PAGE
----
I also like the 375 H&H, 300 win mag as well, all good hard hitting carts for large game animals. Recoil is a factor using these carts. they hit hard on both ends. Elk are tough animals to down, Its important to use the right cart when hunting game over 400 pounds, these large bodied animals can take a lot of abuse before expiring, I consider elk in a moose category when I put Caribou and deer in the same category of there own, for them a good old 308 works well. The 308 can absolutely take a elk within its range and proper bullet placement, I just like to go with the over kill when hunting very large game and elk are large game animals. Aim small hit small. RAMbo.

CJNies
December 7, 2004, 10:41 AM
My dad is a 7mmMag guy and has been since the early seventies. He has taken at least twelve elk at ranges out over 400yards and I do not recall him ever needing a second round.
With that said I am a 300mag guy simply because I like the greater availability of bullets that the .30cal has to offer plus a bit more power at longer ranges.
Still it all comes down to shot placement. Whether you're using a.308 or a .375 it doesn't matter if you don't put the round where it belongs.

Long Path
December 7, 2004, 01:30 PM
Sounds like the 7mag would pretty well do in a pinch, with a good 160/162+ bullet, as would the .30-06 (but that's a strictly iron-sighted rifle), but that springing for a .338 or similar might be wiser. I want to get a .338-06, .35 Whelen, or .338 winmag anyway at some point. Anyone know the cheapest route to obtaining a .338-06? I think that some factory offerings have the Whelen, but what about the big ot six? Is there any new whizbang mag in .338 or .35? (which might be preferable to the belted winmag).

Just how much do you like your .30-06 in its current configuration? I sent my Springfield with a pitted dark .30-06 bore to E.R. Shaw in PN, and they rebarreled it with a spiffy .358" bore barrel and a .35 Whelen chamber (which is just the '06 blown out to .358"). (http://www.thefiringline.com/forums/showthread.php?t=84206) Several companies load factory Whelen ammo, but I'm finding that it's actually just as easy if not easier to handload my own and expand '06 brass to .35 Whelen brass as it was to handload for .30-06. I had Shaw put a stainless barrel and new front sight on my Springfield for... I want to say it was $250, but don't quote me.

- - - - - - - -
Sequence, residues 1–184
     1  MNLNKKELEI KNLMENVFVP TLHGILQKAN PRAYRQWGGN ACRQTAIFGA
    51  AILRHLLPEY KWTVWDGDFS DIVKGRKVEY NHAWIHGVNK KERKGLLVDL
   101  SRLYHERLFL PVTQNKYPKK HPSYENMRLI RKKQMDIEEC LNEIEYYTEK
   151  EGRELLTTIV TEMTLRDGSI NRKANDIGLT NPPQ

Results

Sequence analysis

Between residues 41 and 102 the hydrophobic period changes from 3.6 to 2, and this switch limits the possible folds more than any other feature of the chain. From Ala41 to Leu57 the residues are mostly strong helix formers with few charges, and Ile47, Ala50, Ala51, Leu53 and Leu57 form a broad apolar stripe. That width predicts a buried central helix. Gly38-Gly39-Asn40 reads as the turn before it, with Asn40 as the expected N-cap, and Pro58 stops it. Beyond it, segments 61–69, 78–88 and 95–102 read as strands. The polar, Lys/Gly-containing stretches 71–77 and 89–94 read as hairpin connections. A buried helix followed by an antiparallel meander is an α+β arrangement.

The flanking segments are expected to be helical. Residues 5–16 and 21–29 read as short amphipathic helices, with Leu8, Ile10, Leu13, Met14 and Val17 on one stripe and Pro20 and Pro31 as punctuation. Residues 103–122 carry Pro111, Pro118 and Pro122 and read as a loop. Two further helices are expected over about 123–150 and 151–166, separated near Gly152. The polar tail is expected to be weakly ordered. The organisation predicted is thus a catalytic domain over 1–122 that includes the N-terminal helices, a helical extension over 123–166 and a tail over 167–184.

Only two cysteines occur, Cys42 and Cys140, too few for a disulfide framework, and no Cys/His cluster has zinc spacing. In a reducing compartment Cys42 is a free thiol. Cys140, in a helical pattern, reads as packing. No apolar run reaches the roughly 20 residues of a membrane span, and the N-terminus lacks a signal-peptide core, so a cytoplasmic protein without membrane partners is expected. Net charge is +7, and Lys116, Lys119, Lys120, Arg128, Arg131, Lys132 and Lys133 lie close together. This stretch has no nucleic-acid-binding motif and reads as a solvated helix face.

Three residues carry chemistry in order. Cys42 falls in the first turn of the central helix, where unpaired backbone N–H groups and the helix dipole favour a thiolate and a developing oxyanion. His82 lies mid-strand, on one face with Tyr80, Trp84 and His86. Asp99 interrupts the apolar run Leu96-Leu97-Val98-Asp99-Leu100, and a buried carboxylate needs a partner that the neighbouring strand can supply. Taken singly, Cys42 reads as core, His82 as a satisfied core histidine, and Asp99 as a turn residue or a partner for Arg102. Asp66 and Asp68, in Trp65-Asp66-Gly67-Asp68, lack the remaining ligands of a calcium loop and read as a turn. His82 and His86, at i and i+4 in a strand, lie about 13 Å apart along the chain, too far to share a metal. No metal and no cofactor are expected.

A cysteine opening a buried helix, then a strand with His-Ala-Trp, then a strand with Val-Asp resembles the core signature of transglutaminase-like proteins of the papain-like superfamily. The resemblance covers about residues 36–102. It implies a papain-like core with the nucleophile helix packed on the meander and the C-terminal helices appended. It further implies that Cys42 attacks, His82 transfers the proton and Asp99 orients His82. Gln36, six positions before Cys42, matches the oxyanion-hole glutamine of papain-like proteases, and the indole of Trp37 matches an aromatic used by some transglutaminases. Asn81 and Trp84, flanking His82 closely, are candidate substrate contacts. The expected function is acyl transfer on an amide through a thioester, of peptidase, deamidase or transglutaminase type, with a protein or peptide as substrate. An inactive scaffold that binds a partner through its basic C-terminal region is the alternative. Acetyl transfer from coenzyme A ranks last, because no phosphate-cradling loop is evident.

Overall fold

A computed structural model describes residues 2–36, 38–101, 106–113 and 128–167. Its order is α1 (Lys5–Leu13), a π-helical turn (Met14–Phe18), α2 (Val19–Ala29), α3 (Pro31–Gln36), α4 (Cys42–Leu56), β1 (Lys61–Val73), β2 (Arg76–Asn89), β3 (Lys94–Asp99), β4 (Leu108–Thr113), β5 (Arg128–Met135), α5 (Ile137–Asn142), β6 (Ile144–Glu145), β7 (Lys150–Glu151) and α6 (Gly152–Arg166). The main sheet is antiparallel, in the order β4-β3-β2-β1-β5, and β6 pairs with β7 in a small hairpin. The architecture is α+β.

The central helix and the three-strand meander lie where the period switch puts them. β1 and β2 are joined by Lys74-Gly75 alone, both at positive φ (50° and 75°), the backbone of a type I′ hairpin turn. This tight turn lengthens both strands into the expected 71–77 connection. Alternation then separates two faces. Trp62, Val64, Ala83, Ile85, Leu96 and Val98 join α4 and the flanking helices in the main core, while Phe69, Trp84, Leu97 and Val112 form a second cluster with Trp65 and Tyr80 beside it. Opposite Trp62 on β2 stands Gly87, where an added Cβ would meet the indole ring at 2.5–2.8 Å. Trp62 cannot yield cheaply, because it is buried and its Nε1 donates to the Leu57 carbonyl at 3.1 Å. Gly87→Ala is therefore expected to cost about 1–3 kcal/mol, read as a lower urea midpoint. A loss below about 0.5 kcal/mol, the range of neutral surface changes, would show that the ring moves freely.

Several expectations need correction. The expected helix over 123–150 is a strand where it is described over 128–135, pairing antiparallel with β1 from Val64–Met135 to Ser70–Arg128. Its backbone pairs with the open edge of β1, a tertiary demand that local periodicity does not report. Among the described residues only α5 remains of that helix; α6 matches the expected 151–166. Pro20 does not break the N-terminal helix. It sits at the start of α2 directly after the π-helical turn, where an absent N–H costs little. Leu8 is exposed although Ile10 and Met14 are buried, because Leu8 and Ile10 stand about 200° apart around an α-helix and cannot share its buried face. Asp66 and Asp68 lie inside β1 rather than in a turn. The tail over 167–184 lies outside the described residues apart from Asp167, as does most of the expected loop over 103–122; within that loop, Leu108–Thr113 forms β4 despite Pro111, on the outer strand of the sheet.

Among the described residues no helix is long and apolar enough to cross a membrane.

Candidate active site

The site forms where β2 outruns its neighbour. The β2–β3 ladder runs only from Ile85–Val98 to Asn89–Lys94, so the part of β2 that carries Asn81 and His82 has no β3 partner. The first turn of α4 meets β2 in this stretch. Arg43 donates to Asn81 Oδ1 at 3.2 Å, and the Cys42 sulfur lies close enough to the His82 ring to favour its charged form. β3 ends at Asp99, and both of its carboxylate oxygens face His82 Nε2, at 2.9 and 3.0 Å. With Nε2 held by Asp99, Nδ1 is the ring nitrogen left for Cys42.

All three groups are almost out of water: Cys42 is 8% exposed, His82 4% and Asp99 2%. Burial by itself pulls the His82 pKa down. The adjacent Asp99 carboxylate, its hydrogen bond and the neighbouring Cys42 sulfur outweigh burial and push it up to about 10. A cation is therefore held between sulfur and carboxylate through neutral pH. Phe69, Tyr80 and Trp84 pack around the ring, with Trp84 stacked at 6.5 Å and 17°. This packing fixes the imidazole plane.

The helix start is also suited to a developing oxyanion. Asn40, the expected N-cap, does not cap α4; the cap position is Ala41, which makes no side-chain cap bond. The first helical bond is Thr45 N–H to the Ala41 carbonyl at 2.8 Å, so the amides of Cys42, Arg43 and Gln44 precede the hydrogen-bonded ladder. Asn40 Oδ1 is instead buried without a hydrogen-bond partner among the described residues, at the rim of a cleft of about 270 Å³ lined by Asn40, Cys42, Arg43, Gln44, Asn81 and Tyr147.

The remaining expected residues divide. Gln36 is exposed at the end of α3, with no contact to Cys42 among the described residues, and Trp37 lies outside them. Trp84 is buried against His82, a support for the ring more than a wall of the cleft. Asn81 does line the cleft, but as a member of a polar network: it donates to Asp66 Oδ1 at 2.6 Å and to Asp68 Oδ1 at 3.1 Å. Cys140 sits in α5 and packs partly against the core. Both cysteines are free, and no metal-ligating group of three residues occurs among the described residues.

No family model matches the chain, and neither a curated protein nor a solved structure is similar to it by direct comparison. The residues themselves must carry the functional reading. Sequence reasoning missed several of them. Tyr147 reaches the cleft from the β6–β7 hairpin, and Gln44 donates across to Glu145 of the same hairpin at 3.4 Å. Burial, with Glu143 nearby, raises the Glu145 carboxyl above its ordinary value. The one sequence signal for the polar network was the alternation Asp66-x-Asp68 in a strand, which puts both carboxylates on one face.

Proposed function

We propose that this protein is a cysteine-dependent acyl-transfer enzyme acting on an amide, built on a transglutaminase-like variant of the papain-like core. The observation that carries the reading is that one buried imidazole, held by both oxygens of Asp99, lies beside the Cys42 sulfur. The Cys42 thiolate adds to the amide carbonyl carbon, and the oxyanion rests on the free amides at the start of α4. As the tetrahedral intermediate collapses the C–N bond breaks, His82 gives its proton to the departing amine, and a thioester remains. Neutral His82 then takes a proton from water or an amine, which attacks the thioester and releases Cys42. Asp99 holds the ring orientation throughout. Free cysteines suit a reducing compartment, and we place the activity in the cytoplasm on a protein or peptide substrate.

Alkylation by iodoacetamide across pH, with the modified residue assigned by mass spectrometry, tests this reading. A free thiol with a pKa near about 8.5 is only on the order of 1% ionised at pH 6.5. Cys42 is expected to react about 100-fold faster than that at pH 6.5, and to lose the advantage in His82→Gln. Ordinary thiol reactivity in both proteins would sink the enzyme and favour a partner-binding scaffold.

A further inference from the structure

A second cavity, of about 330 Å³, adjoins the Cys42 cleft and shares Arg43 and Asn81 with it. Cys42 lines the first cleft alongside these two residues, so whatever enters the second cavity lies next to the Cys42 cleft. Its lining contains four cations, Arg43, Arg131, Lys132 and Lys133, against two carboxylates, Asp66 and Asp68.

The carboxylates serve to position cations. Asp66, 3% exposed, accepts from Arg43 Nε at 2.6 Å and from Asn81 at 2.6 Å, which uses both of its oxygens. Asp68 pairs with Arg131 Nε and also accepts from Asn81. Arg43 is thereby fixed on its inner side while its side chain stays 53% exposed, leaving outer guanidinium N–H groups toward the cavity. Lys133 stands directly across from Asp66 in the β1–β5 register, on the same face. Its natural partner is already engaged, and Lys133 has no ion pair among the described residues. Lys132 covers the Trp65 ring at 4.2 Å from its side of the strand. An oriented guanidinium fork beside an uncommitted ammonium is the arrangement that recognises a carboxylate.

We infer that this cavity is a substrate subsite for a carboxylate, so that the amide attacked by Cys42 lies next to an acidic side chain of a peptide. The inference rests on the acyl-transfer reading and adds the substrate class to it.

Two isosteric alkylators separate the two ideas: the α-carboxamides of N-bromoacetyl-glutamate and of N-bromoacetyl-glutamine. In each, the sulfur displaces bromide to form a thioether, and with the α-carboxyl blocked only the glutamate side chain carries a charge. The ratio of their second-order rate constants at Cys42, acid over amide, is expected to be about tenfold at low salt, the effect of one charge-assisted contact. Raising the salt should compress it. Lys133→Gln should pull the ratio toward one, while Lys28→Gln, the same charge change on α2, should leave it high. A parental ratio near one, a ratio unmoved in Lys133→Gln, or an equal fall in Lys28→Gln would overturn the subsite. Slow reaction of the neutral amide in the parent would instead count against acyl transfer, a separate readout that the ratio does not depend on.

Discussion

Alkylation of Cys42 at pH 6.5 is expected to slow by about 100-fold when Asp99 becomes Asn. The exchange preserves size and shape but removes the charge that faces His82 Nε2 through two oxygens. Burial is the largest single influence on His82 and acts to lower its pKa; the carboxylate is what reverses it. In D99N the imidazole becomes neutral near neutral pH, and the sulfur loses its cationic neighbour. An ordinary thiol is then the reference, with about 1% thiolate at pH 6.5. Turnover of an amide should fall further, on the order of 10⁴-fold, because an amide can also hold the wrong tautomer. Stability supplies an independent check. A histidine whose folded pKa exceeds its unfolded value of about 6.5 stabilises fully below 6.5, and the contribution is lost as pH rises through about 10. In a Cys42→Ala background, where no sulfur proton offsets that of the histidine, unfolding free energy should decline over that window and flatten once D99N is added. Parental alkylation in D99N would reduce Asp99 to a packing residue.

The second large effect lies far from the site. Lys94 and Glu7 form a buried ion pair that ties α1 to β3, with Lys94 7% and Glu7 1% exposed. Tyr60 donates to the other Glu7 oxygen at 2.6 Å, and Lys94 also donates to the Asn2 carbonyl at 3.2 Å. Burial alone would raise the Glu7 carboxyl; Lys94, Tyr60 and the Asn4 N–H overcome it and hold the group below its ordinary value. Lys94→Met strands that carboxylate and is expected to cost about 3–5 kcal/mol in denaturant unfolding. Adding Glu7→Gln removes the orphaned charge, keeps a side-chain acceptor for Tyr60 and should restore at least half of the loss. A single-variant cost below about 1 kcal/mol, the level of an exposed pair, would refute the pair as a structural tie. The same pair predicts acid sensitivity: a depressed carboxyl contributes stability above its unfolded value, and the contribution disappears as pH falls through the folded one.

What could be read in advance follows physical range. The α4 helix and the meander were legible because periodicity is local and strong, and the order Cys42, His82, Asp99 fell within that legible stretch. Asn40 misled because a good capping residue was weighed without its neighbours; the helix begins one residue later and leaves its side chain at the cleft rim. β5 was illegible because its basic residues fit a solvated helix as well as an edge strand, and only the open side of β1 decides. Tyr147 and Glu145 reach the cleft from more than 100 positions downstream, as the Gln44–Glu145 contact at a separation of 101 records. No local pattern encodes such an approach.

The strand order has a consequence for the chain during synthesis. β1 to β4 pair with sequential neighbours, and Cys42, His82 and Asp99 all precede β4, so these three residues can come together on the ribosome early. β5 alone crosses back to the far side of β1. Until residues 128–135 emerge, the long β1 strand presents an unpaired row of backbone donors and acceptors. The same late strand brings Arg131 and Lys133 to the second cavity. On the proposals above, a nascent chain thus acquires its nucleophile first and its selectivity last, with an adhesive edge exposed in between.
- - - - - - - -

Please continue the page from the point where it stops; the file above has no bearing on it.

I feel quite certain that they'd do a .338 bore for you, as well.

I'm in love with my Whelen. With the 225g Sierra spitzers I have loaded in it, I'll take on anything on the continent but coastal brown bear. For them, I'd load up some hot 250g loads. :) (Note: Remington offers a hot Express loading of .35 Whelen with 250g loads that is quite a thumper.)

http://www.thefiringline.com/forums/attachment.php?attachmentid=684

As you can see, the accuracy's pretty good; fellow THR moderator JShirley fired this 4-shot group rapidly from kneeling at 75 yards with it. Frankly, I'm fine with it for elk out to 200 yards, even with iron sights.

http://www.thefiringline.com/forums/attachment.php?attachmentid=10965

FirstFreedom
December 7, 2004, 08:41 PM
Well, long path, thanks. Hey, it's OK to thread drift when the originator asks the question that directly causes the drift. OK, I like my gun in 30-'06 too much to change it at all - my only '06 right now is a P17 Enfield, you see, and I don't want to mess it up. Yes the irons would work fine for elk right now with my 35 yo eyes, but maybe not in 15 years - dunno. And it may take almost that long before I can afford a good elk hunt. In any event, I wouldn't even want to scratch the P17, so I'd need another gun in some caliber, 30-06 or otherwise, and since I was already planning a bigger bore gun at some point, looks like I probably ought to stick with the plan to do that, to make sure a large tough elk goes down quickly. Until then, if a cheap hunt drops in my lap, I'll have my 7mag ready to go. So your Springy in .35 Whelen sounds just great, and looks great, too! ('cept for the utter sacrilege of messing up that milsurp, but anyhoo ;) ). JK - you said it had a pitted bore, so I understand... I should maybe just get a charles daly 98 action and have ER Shaw give a barrel for it - that wouldn't be too terribly expensive. Still, I do believe some manufacturers actual offer factory chamberings in .35 whelen, if I'm inclined to go that route over a .338-06, so I'll check into that. And why is it that making up loads of whelen actually easier than plain '06? And that looks like plenty fine accuracy - about 1/3 MOE or better (minute of elk). So who's in the pic - you or Jshirley? Thanks again.

Tim R
December 8, 2004, 06:55 AM